Anyone with a TV has seen advertisements for charities and noble causes the world over. Anyone with a heart has been moved by them.
For Justin Bowen, he’s felt compelled to give back to the world in a meaningful way but was unsure whether to get involved in his
own back yard or half way around the world.
It was a conversation with fellow World Teacher Aid participant, David Frey, which convinced him to get involved. After seeing David’s safari videos and hearing the excitement in his voice about the trip, he was sold that this would be a moving trip for him, and his 12-year-old daughter, Shayla.
“Shayla was getting to be the age and maturity where can could understand the drastic differences between the 3rd world and the access to what she has. I felt this would be a great opportunity for her to experience helping out and serving others.”
They had just come from two and a half months in Europe, with scheduled visits to everything, and being in each other’s company quite a bit. Justin decided that when they got to Africa, he was going to be hands off and let Shayla manage her own time.
With the freedom to do what she wanted, Shayla jumped right into forming lasting relationships with several of the kids at the camp. Justin was equal parts moved by the existing bond within the community of Giwa farms as he was the bonds his daughter was building with them.
“Seeing her step up her interactions with other people, it was a confirmation to me that she’s an awesome, amazing person. The excitement and joy that she was finding in and growing her personality, her outlook…she just blossomed. The trip helped our relationship. I gained a lot of respect for her as an individual, not just as my kid.”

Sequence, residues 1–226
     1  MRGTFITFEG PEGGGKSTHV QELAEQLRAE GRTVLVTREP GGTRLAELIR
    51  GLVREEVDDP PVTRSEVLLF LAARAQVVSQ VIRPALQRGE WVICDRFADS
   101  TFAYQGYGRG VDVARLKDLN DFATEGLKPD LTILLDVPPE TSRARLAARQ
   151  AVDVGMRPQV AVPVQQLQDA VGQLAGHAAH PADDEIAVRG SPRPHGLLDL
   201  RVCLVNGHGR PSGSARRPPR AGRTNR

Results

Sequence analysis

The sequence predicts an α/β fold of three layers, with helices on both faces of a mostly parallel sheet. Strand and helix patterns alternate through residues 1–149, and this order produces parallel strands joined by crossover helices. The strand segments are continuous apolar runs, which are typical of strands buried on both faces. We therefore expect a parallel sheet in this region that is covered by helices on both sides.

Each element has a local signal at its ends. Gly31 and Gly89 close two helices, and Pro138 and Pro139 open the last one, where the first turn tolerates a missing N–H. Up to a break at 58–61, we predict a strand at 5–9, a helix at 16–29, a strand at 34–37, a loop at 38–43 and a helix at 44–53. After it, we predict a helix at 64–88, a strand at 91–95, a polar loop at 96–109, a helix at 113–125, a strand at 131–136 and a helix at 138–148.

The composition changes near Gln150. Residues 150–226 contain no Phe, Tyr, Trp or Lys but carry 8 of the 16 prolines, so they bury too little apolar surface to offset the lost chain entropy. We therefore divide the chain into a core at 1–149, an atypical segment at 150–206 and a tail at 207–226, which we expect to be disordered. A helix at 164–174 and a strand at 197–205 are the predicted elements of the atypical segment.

The evolution in their relationship has stayed with them, despite the trip being ten months ago. This summer, Justin is returning with Shayla again, as well as his wife, Brooke.
The whole experience is clearly one about family for Justin. He recalls standing on the construction site, talking about dedicating the administrative block to his father who died seven years ago. The foreman appeared a moment later with a K. Ryan Bowen plaque.
“My father was incredible with children. He was all about encouraging kids to step towards their passion, to go for it. And that’s what school is all about. It was cool to hold the plaque and know that it was going on a school that would be changing kids’ lives.”
To anyone even half way considering going, he recounts the story of Shayla.
“We had spent two and a half months in beautiful Europe, which she loved. Visiting museums and every landmark. When I asked her what experience of that summer she would go back and do over again, “Africa!” is always her first response.”